It was an opportunity a friend and I just couldn’t pass up.
The creative, hard-working culinary team at Napa’s Oenotri had developed a menu designed to show off the exceptional flavors of freshly pressed olive oil.
Including desserts, chef/partners Curtis Di Fede and Tyler Rodde, along with pastry chef Jen Archer, were plating nearly two dozen dishes that played off the fruity, spicy flavors of newly pressed olive oils — oils that came from Spain, Italy, Portugal and California. The “nuovo olio” menu was offered to Oenotri diners five nights last week.
We all know that pressing tree-ripened olives extracts a very flavorful, monounsaturated oil that is prized throughout the world both for cooking — especially in Mediterranean countries — and finishing dishes, such as salads. The marketplace today provides us with a wide variety of olive oils, coming domestically, for the most part, from California, as well as Italy, Spain, Greece and France.
The flavor, color and fragrance of olive oils can vary dramatically depending on such distinctions as where the olives come from and how the crop is harvested and pressed. All olive oils are graded in accordance with the degree of acidity they contain.
Extra virgin olive oil, which is what our friends at Oenotri featured in last week’s menu, is the cold-pressed result of the first pressing of the olives, and is only 1 percent acid. It’s considered the finest and fruitiest of the olive oils, hence, the most expensive. It can range from the color of Champagne to greenish-golden to bright green. Generally, the deeper the color, the more intense the olive flavor.
What Di Fede and Rodde proved with their noble dinnertime experiment was that the new, or just-pressed, olive oils offer the most intense flavors and aromas of all, as well as adding complexity to just about every menu offering.
Those who dropped by Oenotri last week readily learned just how much a fantastic olive oil brings to a finished dish.
For example, a braised squid appetizer combined a bit of tomato with small chunks of fingerling potatoes and a “maionese” consisting of squid ink and freshly pressed Cobresoba olive oil from Cordoba, Spain. The oil gave a slightly sweet edge to the mayonnaise and helped tie this hearty dish together. It was a wonderful blend of surf and turf.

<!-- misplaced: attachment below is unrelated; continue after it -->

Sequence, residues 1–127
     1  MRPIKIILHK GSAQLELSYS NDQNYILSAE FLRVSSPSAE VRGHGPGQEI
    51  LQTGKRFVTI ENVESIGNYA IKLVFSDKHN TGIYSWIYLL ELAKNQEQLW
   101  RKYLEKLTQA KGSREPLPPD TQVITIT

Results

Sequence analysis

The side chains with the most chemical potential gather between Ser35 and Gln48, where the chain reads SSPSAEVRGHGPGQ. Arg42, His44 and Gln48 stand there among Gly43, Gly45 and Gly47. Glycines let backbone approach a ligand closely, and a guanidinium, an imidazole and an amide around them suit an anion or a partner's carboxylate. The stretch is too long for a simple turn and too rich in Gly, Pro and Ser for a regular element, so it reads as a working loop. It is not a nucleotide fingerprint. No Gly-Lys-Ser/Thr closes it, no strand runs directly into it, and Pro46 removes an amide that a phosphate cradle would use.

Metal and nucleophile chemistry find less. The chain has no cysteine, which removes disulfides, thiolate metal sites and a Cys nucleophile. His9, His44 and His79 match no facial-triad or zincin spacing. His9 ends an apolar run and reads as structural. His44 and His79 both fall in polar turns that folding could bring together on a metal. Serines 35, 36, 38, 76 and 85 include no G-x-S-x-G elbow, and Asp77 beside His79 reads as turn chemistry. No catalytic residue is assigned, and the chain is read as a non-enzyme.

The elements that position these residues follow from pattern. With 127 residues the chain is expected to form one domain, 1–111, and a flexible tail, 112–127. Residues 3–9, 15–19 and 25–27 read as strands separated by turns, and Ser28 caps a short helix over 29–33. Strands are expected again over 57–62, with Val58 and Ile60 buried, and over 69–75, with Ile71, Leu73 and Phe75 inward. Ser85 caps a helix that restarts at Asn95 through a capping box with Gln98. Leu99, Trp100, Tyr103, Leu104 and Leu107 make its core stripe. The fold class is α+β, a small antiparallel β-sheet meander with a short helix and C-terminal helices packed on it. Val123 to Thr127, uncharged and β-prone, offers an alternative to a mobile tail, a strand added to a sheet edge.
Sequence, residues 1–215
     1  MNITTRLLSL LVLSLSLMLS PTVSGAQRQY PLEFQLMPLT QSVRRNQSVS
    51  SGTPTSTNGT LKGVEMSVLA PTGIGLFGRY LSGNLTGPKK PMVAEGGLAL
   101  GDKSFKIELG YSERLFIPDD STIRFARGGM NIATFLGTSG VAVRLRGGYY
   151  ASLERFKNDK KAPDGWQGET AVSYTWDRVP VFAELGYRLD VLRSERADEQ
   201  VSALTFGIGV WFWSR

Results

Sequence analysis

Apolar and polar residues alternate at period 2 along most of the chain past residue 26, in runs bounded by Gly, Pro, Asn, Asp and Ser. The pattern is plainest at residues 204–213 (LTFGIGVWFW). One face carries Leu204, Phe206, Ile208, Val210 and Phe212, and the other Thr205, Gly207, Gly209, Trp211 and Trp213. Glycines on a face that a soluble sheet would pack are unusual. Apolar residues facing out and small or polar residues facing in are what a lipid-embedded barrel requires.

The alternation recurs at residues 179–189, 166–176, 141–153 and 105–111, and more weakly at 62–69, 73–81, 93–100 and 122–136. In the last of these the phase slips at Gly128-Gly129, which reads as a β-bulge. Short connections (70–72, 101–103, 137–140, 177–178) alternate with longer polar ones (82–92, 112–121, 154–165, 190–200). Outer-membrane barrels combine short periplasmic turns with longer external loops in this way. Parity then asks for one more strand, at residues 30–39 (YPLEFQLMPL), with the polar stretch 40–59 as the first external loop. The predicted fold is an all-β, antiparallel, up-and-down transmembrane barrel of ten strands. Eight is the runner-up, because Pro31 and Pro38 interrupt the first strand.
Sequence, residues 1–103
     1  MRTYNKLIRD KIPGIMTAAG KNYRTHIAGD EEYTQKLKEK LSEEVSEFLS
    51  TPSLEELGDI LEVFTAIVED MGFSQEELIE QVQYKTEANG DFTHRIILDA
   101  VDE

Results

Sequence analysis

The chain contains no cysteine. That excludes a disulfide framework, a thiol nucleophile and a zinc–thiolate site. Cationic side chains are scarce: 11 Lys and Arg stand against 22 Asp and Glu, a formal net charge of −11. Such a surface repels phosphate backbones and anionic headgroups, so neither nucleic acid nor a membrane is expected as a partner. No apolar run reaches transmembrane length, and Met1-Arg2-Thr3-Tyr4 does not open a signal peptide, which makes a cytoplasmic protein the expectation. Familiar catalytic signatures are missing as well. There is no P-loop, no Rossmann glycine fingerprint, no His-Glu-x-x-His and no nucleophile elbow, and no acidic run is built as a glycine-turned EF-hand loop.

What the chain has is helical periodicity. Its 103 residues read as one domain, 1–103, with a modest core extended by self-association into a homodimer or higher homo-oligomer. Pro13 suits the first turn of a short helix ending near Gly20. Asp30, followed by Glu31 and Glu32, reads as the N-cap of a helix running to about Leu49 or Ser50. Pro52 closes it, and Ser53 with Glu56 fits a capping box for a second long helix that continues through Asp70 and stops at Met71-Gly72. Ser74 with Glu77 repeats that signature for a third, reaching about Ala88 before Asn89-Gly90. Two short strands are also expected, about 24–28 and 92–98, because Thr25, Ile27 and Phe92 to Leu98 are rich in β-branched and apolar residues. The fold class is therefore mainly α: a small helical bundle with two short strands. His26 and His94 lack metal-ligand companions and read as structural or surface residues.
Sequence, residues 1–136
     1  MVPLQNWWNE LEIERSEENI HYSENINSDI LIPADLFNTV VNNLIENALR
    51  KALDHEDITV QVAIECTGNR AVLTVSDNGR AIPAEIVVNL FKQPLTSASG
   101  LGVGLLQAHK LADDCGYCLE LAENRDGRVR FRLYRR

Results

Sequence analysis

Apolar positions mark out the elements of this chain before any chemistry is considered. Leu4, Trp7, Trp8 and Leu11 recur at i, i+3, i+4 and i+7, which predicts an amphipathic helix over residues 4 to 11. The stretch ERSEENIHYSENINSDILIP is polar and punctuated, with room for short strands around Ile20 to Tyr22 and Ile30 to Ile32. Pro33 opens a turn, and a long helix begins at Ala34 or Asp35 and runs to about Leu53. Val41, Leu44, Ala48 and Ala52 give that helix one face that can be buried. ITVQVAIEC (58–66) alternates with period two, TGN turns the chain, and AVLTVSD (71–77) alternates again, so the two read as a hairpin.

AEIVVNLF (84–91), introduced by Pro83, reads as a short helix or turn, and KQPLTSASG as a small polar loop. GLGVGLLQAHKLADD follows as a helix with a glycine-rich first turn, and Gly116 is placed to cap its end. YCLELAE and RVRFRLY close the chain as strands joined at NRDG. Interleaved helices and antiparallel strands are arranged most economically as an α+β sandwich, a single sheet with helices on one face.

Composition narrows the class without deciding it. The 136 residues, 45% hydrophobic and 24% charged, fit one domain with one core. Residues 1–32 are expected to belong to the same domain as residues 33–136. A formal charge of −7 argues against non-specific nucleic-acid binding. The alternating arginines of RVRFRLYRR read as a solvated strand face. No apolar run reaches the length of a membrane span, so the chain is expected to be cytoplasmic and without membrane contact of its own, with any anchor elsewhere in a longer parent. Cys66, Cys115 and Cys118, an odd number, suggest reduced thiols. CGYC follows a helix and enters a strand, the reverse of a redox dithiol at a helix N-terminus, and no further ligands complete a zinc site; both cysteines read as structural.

An even simpler antipasto — said to be Italian chef/cookbook author Marcella Hazan’s favorite — featured teeny, tiny crumbles of Parmigiano-Reggiano cheese on crostone, liberally drizzled with hojiblanca oil. Biting into the toasted bread, the tangy, rich cheese was accented by the slightly sweet oil, and the oil’s almond aftertaste provided yet added complexity to the overall flavor of the dish.
The snail-shaped lumache (Italian for “snails”) were made by mixing a puree of wild nettles into the flour. Di Fede uses the leaves of this herbaceous perennial in a number of his pasta recipes throughout the year. This time around, the pasta was tossed with a pumpkin puree along with small chunks of oven-roasted Delicata squash and hazelnuts. The dish was finished with a picual olive oil that had been pressed only four days earlier in Spain and flown into the Bay Area. The fresh, green, fruity flavor and slightly bitter finish underscored the creamy texture of the dish and pointed up the herbaceousness of the pasta’s flavoring ingredient.
The French call lovage “false celery,” as the stalks do have a strong celery taste. Di Fede used lovage in his pasta preparation for leganari, flavorful green triangles tossed with flageolet beans, a little lardo and freshly pressed arbequina olive oil. My favorite olive, the arbequina produces a dense, quite flavorful oil tasting of orchard fruits. This oil is best used uncooked, since its aromatic substances are very volatile. It is a fresh oil that combines perfectly with vegetables, fresh or cooked, and grilled fish. Here, it punched up the underlying flavor of lovage and paired perfectly with the creamy beans. A home run.
While I wasn’t all that impressed with the olive oil gelato, pastry chef Jen Archer’s chocolate hazelnut torte, served with several drizzles of olive oil, proved another slam dunk.
This dining experience got me to thinking about incorporating more olive oil into my diet. The antioxidants olive oil contains, particularly in varieties like picual, contribute to the healthy diet. What’s more, they add complexity to any number of dishes, as the special menu at Oenotri clearly demonstrated.
This was just the first in a series of themed dinners Oenotri is planning this winter and next spring. If what’s to come is as cutting-edge and delicious as the “nuovo olio” menu, we’re in for more treats. Stay tuned.